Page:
The cargo-cult aspect puts a new spin on the old Lunar von Neumann factory idea, but Bingo and Marek say they think it should work until we can bootstrap all the way to a native nanolithography ecology: we run the whole thing from Earth as a training lab and ship up the parts that are too difficult to make on-site as we learn how to do it properly.

We use FPGAs for all critical electronics and keep it parsimonious — you're right about it buying us the self-replicating factory a few years ahead of the robotics curve. But I'm wondering about on-site intelligence. Once the comet gets more than a couple of light-minutes away —". But we can't send humans — way too expensive, besides it's a fifty-year run even if we build the factory on a chunk of short-period Kuiper belt ejecta. And I don't think we're up to coding the kind of AI that could control such a factory any time this decade.

So what do you have in mind? Franklin shrugs expansively, dreadlocks clattering: "Manfred's helping me explore the solution space to a manufacturing problem. Drink's on me. She glances at Manfred, who is gazing into whatever weirdly colored space his metacortex is projecting on his glasses, fingers twitching. Coolly: "Our engagement was on hold while he thought about his future.

We didn't bother with that sort of thing in my day; like, too formal, man. Pointed us at a whole new line of research we hadn't thought of. It's long-term and a bit speculative, but if it works, it'll put us a whole generation ahead in the off-planet infrastructure field. Manfred stretches and yawns: The visionary is returning from planet Macx. Like, enough to transmit a couple of gigabytes? That's going to take some serious bandwidth, I know, but if you can do it, I think I can get you exactly the kind of crew you're looking for. Franklin looks dubious.

The DSN isn't built for that! You're talking days. Shelves: cover-love , dmc , tortureporn , erotica , horror , m-m , rapefic , potentially-squicky , amputation-mutilation , abuse. Spoilers below!! This is a very solid "I liked it", the story was amusing and bemusing, though some of the worldbuilding didn't work for me. There was a bit too much mixed into it.

It wasn't as horrific to me as it was to some of the other readers either, mainly I think because I find myself a bit unforgiving about Will's initial state of being rather TSTL. In the midsection I didn't much care for Will's plight because he was too gaga to even care himself, and though the end picked up quite some, especially with the scene in the lagoon, the ultimate end was then a bit anticlimactic. I sure would have preferred something like the alien queen baby and Ellen Ripley diving into the furnace taking her with her. The early tentacle scenes were extremely hot and well-written, the later ones except for the skewering one not up to the same level.

I think that's because Will was out of it too much for my personal tastes. Things perked up when he started to fight back more. The writing was excellent, except for a few instances, where it appeared too strained chiaroscuro. SPaG was mostly good, though as someone else pointed out, the story would have benefited from an editor. However, that's nothing for what one can take to task a free story. One thing is clear, this story hits the kinks of quite a few readers full on; it hit some of mine as well, and those solidly. Very enjoyable.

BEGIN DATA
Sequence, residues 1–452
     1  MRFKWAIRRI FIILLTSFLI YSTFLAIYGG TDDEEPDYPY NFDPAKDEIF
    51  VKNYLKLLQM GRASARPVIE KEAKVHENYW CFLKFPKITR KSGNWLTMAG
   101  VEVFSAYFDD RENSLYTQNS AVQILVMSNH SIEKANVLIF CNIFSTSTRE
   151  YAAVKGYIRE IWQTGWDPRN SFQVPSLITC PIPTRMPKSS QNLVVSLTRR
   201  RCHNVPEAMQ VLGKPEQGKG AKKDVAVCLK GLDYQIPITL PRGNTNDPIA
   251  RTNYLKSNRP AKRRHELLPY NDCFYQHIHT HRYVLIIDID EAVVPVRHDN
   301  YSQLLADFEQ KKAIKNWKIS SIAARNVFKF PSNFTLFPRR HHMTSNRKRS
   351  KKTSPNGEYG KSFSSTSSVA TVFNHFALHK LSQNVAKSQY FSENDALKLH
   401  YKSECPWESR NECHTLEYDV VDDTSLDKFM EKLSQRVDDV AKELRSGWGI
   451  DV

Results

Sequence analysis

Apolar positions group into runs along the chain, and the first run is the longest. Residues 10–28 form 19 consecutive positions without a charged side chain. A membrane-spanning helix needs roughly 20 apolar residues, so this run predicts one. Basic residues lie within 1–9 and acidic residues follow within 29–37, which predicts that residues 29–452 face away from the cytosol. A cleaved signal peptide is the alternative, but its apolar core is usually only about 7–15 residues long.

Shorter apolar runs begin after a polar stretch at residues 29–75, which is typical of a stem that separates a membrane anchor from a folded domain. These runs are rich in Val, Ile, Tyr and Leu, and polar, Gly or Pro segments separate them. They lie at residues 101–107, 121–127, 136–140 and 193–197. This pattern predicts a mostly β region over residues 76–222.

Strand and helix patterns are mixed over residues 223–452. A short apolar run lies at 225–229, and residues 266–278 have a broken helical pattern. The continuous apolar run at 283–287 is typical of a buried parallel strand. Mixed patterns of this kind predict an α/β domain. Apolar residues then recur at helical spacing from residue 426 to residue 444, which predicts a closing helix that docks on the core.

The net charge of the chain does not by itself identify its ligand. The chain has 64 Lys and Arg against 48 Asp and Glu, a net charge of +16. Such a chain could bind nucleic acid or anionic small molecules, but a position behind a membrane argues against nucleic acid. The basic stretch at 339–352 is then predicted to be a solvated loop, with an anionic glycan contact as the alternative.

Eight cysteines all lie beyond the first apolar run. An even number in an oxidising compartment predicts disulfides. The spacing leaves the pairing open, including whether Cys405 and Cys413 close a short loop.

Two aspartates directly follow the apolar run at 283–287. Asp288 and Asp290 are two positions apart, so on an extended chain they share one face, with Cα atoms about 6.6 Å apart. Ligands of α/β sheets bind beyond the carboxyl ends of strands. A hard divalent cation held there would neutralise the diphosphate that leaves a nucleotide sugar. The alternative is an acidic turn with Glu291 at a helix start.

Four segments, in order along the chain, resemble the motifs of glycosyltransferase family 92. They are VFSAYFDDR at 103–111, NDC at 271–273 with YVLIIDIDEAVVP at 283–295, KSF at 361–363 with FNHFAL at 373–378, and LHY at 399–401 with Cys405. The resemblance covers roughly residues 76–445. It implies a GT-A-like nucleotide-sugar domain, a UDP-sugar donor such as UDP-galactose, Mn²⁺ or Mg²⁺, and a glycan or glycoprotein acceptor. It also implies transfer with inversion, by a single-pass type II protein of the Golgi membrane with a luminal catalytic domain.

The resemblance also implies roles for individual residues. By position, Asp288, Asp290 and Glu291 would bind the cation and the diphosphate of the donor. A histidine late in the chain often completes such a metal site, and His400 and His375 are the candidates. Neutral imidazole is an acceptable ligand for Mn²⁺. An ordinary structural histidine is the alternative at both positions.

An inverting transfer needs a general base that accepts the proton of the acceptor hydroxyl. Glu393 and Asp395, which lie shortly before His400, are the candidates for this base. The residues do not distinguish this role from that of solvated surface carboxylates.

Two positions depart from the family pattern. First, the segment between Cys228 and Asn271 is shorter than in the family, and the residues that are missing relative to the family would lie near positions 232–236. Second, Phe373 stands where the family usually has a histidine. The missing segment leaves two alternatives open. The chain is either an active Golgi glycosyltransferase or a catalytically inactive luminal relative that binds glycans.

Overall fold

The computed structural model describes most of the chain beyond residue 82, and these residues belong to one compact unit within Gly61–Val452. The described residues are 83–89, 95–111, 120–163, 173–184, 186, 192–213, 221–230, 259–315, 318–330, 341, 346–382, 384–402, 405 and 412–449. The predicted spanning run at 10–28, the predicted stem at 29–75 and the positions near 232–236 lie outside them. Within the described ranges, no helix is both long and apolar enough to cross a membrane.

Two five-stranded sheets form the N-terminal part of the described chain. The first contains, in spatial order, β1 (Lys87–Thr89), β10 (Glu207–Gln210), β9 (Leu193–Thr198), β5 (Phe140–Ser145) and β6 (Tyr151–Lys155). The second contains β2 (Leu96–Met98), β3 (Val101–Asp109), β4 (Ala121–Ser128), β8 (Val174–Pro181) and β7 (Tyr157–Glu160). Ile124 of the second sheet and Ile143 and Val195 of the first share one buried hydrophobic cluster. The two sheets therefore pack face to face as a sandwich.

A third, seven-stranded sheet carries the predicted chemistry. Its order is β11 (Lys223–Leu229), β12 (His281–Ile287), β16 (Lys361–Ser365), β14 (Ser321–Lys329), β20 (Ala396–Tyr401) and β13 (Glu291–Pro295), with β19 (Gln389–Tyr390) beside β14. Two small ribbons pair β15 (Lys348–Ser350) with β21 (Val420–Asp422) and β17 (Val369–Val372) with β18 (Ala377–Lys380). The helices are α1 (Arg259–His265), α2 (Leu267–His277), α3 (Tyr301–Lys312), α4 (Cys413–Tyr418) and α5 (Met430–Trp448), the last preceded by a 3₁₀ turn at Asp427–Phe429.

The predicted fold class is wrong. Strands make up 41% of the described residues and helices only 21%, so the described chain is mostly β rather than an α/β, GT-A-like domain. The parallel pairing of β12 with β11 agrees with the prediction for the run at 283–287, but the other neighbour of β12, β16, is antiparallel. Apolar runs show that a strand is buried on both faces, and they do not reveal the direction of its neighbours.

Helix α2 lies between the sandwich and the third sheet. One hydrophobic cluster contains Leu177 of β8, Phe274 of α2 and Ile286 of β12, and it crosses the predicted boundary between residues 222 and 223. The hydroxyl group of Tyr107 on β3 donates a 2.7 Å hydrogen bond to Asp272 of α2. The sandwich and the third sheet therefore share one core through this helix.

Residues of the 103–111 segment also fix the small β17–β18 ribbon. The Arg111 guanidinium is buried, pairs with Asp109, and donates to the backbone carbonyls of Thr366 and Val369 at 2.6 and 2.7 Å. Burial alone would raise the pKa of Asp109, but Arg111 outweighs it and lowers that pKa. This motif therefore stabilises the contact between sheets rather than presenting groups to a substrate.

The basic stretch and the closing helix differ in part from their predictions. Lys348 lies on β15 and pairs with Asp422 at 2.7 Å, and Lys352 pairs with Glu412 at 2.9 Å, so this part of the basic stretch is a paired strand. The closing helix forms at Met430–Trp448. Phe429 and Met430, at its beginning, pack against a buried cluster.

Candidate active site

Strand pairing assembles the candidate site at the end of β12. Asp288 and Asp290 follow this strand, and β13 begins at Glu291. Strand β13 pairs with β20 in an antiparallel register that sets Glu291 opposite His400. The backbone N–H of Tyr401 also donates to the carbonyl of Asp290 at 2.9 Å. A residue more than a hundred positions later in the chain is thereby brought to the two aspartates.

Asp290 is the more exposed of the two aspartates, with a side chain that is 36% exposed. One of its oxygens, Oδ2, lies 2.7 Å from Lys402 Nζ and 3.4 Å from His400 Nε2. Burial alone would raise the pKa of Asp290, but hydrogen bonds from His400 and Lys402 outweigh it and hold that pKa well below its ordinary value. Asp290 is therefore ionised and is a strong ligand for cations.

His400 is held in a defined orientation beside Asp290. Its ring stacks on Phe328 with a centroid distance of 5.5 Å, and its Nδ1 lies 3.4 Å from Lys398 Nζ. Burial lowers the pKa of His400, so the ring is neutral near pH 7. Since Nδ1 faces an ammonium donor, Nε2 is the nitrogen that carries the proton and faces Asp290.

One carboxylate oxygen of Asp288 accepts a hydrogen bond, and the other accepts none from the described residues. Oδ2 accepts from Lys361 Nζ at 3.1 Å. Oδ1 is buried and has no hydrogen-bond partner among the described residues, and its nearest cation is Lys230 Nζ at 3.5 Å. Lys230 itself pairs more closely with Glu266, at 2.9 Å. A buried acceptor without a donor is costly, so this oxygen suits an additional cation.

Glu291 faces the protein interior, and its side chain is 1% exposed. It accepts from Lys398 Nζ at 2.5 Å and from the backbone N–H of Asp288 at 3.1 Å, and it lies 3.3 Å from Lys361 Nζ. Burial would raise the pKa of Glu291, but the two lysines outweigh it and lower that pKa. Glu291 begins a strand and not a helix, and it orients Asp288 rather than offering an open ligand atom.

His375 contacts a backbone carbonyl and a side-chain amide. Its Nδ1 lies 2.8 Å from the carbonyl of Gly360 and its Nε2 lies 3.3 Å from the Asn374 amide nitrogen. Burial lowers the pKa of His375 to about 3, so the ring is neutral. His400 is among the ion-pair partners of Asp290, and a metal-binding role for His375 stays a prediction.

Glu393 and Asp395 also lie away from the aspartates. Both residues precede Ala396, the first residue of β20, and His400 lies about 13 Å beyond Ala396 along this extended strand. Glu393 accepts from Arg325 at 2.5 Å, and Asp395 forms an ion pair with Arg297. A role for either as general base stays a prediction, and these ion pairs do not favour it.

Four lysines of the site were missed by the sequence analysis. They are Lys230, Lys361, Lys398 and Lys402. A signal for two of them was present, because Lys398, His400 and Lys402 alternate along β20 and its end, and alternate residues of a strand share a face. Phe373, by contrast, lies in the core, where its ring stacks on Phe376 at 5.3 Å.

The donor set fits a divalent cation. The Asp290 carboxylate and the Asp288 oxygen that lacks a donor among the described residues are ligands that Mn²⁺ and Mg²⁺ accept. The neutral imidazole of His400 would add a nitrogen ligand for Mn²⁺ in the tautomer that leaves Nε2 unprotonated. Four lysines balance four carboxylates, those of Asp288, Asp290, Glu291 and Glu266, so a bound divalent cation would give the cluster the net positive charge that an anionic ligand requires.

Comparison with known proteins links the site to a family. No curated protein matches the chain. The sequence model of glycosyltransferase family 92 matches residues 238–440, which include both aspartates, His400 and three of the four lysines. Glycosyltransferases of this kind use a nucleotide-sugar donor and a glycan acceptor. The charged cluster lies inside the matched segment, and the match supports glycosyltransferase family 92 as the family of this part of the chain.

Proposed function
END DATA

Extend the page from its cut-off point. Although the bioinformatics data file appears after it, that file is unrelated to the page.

Noteworthy: view spoiler [The scene with the shark was pure genius. For me the best writing within the whole book!

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Apr 17, Lilia Ford rated it really liked it Shelves: mm-paranormal , review-posted-amazon , non-con-dub-con-captive , messed-up-dark-mind-fuck , tentacles-monsters. Creepy, seductive, at times fiendishly erotic, until it becomes really, really disturbing and that's ME saying it so take note!

This just kept delivering one surprise after another, constantly shifting the ground out from under my feet. It is also a masterpiece in subtle building and more well-written than tentacle sex has any right to be. Bottom line: unforgettable but definitely not for everyone.

Mar 07, Sunny rated it really liked it Shelves: first-time , dark , tentacles-tails-and-the-like , abuse-violence , m-m , paranormal-romance , suspense , dub-con-non-con , horror. This was awesome! Horror is so not my genre, but I loved this story. Deliciously creepy I started reading and the hair on the back of my neck stood up almost immediately. The suspense almost did me in. Several times, I had to take deep breaths in an attempt to calm my anxiety, but I couldn't put the book down.

I had to keep reading, to find out what was going to happen next.

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It wasn't a hardship, either; the writing flowed beautifully, with wonderful phrases and descriptions, natural soundi This was awesome! It wasn't a hardship, either; the writing flowed beautifully, with wonderful phrases and descriptions, natural sounding dialogue, and an ever present tension that never let me relax. So intense! The noodles? Loved it. Towards the end, though, it was just disturbing, and I found myself cringing in sympathy, then protesting in horror before finally nodding in satisfaction. Great read View all 3 comments.

Feb 05, Fifi LaFleur rated it it was amazing. This was great! Really interesting story with a great and thorough plot. Consentacles, noncon-tentacles, horror-show sex, and everything in between, all cleverly wrapped in a story about an island. It's well paced, well written, and really quite exceptional for a novella sized story. This one would have fit right in the All Wrapped Up anthology. It left me wanting more while leaving me fulfilled which is all you can really ask for.